It did not escape my notice that the winning lessons were videos typical of the kind of lessons that are often presented to teachers as the "ideal" or model of what technology in the classroom should look like. No wonder some are afraid - those videos made me afraid!

I wasn't surprised that I didn't win - I just had my fingers crossed anyway. The real surprise to me was the feedback I got on the lessons I submitted. Here is the gist of those comments;
"The students are not learning about the technology." "You do not say how the use of technology in this lesson creates learning." "This lesson could have been taught without technology."
...and so on -ish.

The first thing I realized was that I guess I could have explained some things more carefully in the plans I submitted - I just submitted the plans as I had originally written them for myself.

But the more important thing I realized was that we are entering a phase with technology in instruction where many teachers who have been using it for awhile have integrated it into their teaching style - it's part of our methodology.

In my classroom, the technology is not the thing. Make no mistake, my students use technology every single day - I teach in a 1:1 school. They use Web 2.0 tools to create content about what they are learning in class. The make short videos of what they have learned and post them to teach their classmates a quick lesson. They routinely share Google Docs online with classmates to work collaboratively. They email and chat online with me outside of school about assignments. They blog. They write with embedded links to enhance and deepen their work. They keep their school work organized by using digital portfolios. They have an expectation that I will bring experts into the room through video and Skype. And so on.

However, my students don't come into my classroom every day saying, "Yay - we get to work on a big project!" I like projects, and sometimes we do projects. But in my classroom, the content - the learning is the thing. The technology just helps us to do that a lot better for every student.

I like the analogy of classroom technology and cell phones. Our cell phones are not some golden toy (unless we are using them to kill time in an airport playing games on them). We need them. We keep calendars on them, we keep notes on them, and - by the way - we communicate with them. Many of us have incorporated them into our lives to the point that we cannot imagine going without them. Of course we could, but our life would be missing some connections, some organization, and some powerful and useful tools that we had become accustomed to having at our fingertips, in our purses and pockets.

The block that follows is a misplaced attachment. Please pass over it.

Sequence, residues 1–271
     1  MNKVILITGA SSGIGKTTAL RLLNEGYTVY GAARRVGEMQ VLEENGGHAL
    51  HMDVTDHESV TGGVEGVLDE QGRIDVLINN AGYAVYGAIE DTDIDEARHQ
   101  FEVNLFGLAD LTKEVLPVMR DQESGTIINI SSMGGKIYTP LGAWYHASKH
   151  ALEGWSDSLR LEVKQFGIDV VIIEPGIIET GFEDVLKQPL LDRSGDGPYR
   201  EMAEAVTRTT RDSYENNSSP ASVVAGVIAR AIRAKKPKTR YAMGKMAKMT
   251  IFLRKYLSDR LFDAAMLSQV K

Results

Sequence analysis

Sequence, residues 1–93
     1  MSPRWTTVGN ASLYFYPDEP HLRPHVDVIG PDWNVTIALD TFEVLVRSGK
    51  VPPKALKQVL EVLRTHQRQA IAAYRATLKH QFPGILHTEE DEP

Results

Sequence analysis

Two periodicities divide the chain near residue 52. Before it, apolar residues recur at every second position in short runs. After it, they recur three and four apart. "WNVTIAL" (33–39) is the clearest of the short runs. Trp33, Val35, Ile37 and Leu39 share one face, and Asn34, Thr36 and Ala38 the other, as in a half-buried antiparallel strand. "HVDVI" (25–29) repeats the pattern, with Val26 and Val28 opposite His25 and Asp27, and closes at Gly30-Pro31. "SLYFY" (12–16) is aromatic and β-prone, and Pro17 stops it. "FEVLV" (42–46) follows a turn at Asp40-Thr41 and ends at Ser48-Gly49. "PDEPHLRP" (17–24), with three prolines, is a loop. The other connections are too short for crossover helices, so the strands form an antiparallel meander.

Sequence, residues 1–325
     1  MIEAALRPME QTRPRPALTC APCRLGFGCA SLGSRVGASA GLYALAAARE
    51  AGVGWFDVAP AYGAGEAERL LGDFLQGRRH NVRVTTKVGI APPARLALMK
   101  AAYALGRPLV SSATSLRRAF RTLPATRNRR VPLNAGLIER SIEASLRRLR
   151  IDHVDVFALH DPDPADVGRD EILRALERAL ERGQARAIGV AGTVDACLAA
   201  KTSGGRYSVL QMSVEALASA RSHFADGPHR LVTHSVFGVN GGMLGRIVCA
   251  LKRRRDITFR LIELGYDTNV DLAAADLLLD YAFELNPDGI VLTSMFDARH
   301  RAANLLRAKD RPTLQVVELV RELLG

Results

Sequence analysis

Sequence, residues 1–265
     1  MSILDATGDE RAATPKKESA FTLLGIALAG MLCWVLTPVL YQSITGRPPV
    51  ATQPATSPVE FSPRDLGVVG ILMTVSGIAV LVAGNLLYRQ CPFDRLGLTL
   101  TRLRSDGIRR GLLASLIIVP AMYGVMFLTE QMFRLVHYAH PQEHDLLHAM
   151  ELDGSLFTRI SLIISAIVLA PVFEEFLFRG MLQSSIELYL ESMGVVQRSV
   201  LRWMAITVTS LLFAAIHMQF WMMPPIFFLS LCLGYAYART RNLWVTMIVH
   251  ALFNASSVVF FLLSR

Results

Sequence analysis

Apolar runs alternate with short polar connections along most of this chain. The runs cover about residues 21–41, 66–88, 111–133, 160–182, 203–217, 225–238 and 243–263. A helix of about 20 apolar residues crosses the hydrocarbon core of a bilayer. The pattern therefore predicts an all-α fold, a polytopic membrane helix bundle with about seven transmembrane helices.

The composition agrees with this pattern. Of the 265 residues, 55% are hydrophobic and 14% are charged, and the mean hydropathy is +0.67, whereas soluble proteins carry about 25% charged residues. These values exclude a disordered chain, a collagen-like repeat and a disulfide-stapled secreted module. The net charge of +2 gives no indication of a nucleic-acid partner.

Remember your first cellphone? Some people are still viewing technology in the classroom with the same kind of awe and wonder. The reality is, cell phones are now ubiquitous. But much of the perception of classroom technology is still in the "first cell phone" phase.

Tuesday, February 22, 2011

60 Sites

I recently did a fun presentation at the ASTE Conference (Alaska Society of Technology in Education). Usually when I do these it is more of a "how to". Those are fine and I like to share share share, but this year I decided to do something fun. Teachers, including myself, like good resources. At any kind of conference, we love those little sessions where someone is just giving us some straight up good resources - it's like free candy. That's what I tried to do this year in my section called "60 Sites in 60 minutes" - it was the free candy session. Here is the link to the wiki I put up for the sites - all links are embedded. Enjoy!

60 Sites in 60 Minutes